When I try to contact Udden via email for an interview, I receive this automatic message: “I am working remotely from Prague for several weeks, but I read and respond to email every day. Just know that I am seven hours ahead of Houston, so my response to you is likely to come the next business day. If you need immediate assistance, please email Shannon Emerick.”

I assumed the worst--Prague, several weeks, seven hours ahead--but she wrote me back five hours later, offering to Skype or answer questions over email. Based on her track record, I imagined Udden as intense and meticulous. In actuality, she is generous, enthusiastic, and rarely uses the word “I.” Instead, she uses “we,” making it clear she views Main Street as a family more than her personal darling.

“Yes, I’ve been the ‘leader,’ but I’ve never taken the theater in a direction that the company didn’t already want to go,” Udden writes. “Main Street Theater is an artistic home for a large group of people who come and go but always come back.”

With the renovations at the Rice Village location, and MATCH (Midtown Arts and Theatre Center Houston) building in the works, Udden feels like this is Main Street’s time to shine. “You can’t look at Main Street’s future without considering how we got here,” says Udden. “This has always been an organization that has moved forward because the of the artists that have been committed to it.”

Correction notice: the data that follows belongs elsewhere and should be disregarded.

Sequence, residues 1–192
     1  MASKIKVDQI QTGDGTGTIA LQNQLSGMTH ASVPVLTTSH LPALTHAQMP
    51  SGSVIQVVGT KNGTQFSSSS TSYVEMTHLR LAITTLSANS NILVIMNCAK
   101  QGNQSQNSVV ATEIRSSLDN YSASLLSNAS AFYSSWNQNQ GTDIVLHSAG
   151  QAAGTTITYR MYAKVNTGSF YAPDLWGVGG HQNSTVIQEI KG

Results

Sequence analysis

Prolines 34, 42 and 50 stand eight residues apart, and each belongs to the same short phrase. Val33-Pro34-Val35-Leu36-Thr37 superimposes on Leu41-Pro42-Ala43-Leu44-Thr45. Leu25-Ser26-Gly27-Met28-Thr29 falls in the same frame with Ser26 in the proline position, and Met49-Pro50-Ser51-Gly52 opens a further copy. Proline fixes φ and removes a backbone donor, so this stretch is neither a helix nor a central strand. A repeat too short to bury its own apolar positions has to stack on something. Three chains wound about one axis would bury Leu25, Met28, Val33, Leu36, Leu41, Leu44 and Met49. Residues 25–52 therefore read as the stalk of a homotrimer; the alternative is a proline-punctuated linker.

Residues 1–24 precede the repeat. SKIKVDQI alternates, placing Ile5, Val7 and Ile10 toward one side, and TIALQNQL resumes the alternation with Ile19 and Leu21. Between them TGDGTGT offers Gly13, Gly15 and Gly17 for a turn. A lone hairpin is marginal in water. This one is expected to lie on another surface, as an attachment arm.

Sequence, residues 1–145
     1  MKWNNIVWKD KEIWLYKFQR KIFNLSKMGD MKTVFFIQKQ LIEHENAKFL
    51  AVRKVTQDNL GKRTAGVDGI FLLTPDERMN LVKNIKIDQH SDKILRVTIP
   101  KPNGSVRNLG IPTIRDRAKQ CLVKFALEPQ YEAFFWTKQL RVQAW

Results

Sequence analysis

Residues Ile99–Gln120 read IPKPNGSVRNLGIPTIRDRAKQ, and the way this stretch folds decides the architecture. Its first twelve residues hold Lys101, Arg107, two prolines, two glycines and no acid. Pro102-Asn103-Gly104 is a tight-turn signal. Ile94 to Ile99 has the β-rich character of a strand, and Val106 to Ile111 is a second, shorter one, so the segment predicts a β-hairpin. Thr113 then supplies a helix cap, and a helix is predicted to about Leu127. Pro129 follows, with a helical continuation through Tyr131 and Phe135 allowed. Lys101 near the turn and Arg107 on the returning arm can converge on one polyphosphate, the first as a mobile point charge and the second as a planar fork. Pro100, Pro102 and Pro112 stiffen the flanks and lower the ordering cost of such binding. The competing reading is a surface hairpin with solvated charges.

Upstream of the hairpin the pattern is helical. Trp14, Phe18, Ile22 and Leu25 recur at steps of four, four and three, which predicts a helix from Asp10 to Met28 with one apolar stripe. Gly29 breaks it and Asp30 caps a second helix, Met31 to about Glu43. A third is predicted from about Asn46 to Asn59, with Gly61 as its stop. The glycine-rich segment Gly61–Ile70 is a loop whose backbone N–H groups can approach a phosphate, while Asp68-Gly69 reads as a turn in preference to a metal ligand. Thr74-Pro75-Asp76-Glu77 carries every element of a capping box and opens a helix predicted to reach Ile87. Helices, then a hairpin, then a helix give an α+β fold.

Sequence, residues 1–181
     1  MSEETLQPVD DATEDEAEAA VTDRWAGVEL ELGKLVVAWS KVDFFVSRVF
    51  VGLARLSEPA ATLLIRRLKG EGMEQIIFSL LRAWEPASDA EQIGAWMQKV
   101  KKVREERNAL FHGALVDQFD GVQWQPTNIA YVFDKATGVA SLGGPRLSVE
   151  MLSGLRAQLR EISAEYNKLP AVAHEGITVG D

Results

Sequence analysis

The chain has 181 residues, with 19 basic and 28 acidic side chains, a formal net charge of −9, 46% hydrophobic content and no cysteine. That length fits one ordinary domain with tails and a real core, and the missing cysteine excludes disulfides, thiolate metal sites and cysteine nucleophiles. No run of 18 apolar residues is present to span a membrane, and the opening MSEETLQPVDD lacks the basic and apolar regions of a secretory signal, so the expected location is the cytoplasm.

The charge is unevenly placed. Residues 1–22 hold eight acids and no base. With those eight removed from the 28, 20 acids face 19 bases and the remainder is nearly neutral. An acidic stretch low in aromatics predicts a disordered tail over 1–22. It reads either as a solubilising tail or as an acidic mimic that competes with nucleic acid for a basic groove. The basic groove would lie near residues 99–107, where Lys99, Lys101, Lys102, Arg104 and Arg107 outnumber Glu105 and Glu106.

Kirkendall agrees. “It’s been very cool to see local arts foundations and individual donors who have stepped up and said, ‘Main Street has really made a difference for me and I want to give back. I want to help it in its future,” he says. “You know, they’ve seen: [Udden] has run a tight ship for forty years, and they want to see this institution continue.”

After five years of plans and dreams and disappointments, renovations started earlier this month.

Learning to Play a Different Instrument: Jill Alexander Essbaum on HAUSFRAU